In the height of a new romance, there is the desire to spend all our available time with the new partner. The thrill of finally meeting someone who wants what we want, and wants that thing with us, is delirious. The tendency is strong to seclude ourselves from friends and the world, as we discover this new love and create its foundation. That is natural, and often desirable. However, it is ultimately balance that we seek. Too much togetherness can erode the very love we are trying to maintain. While very fiber in our body may want to spend endless days with our new lover, it is here that we need to step back and take a breath.
Losing ourselves is a common occurrence when love is new. It is in the merging, and the letting down of our ego boundaries that allows love to enter our hearts. Yet, in this recognition of loves presence, the need to reconnect with Self, is the greatest. Understanding this is a discipline, and a mental request that requires heeding, it is also needed for our benefit as well as the benefit of our mate. We need internal stability in order to offer more love to our partner.
To take a breath, and take time alone, is crucial. We have massive new input, and need to sort and configure this input. We need to check-in with our own emotions, making sure that the road we’re on is one we want, not just the one our partner wants. The power of this “breath” allows us to regroup and re-connect from a fresh place. We allow ourselves to settle in with the new emotions, check-in as to how we feel about what’s going on, and from that standpoint we have the ability to re-calibrate the things that may feel “off.” Perhaps nothing feels off, and everything is amazingly wonderful. Still, time alone is valuable to solidify the partnership foundation.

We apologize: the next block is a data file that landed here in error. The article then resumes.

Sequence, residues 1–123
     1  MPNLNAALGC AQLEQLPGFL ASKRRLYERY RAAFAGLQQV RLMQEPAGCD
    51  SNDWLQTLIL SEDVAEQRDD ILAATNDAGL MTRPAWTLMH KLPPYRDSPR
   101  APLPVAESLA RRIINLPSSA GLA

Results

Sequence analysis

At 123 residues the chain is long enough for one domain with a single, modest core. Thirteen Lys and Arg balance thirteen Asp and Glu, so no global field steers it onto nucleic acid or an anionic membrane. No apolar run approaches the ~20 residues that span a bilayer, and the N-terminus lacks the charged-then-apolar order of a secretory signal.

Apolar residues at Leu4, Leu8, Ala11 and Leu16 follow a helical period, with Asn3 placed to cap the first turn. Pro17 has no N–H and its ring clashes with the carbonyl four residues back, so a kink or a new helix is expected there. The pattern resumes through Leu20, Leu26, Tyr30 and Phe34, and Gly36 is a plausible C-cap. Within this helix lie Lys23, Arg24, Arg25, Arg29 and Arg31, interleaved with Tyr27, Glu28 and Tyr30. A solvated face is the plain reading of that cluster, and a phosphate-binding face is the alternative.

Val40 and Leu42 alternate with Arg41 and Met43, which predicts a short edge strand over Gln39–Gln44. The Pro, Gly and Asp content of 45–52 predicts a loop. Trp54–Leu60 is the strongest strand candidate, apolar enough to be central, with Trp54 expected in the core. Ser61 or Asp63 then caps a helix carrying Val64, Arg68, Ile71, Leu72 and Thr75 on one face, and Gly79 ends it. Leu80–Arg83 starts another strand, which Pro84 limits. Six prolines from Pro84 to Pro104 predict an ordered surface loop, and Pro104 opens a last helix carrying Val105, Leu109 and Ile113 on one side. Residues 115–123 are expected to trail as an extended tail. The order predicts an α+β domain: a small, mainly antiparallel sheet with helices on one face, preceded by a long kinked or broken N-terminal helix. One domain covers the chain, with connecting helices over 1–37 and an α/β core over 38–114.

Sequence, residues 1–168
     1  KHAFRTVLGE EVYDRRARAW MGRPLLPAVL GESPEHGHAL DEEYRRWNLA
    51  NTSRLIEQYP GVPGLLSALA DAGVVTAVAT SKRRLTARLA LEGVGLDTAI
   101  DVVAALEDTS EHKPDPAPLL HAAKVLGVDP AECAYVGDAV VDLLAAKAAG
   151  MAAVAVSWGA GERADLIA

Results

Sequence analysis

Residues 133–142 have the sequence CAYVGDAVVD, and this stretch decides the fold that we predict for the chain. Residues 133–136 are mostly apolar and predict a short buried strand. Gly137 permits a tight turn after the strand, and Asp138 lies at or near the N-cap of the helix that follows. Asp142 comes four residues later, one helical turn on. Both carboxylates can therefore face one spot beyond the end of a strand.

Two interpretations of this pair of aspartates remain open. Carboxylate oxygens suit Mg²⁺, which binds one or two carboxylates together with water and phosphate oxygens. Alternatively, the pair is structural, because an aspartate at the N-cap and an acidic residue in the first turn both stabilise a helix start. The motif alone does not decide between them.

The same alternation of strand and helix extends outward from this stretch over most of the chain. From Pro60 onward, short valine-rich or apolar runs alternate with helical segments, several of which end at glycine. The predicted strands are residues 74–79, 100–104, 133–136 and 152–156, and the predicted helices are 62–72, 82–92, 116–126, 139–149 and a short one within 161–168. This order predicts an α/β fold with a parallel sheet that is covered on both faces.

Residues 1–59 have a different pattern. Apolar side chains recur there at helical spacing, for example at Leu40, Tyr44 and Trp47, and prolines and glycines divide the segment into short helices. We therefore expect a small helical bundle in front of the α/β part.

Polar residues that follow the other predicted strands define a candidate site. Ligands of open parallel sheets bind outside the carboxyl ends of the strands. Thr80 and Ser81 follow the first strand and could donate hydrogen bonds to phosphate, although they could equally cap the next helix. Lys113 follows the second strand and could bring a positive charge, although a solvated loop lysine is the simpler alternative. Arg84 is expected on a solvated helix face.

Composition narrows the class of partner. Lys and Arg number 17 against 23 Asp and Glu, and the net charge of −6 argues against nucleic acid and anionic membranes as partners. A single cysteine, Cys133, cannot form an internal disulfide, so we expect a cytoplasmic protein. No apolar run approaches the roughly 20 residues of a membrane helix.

Every couple needs together time as well as alone time, to be healthy and in balance. There is the need to be alone with each other, as a couple. Relationships require private time to share intimacy, which allows growth. There is also the need for time spent together in an expanded group setting. This creates a healthy dynamic that allows for unity. There will be new friends that are made as a result of being a couple. Because of the diversity of interests due to the age differences, exciting new dimensions can be incorporated into the individual life, as well.
There must also be time to be alone; alone with oneself, and alone with one’s friends. Time alone balances the individual identity and fosters self-renewal. Solitude and relaxation allow the individual to hear the words of their own thoughts. It allows needed time off from the partnership, to luxuriate in one’s private interests and to maintain inner growth and self-nurturing. It’s restorative. Once fully refreshed, there is a natural desire to return to the company of our mate.
This is the balancing act. We all have to learn how to do it; within ourselves, and within partnership. Without alone time, we resent the intrusion of others into our lives. Without alone time, we lose our personal power and neglect our unique interests. Without together time, we isolate and contract as a human beings. We quit expanding, as we are not able to allow others into our world. The idea of togetherness is to share who we are, in the company of others. We see ourselves through different eyes, and see the world through a different perspective. Togetherness can be the link to greater understanding. It can open our vision to that which is outside of ourselves, while allowing its brilliance to impact us. To strive Self esteem for a healthy balance of the different types of solitude and communion is to enjoy the full feast of life.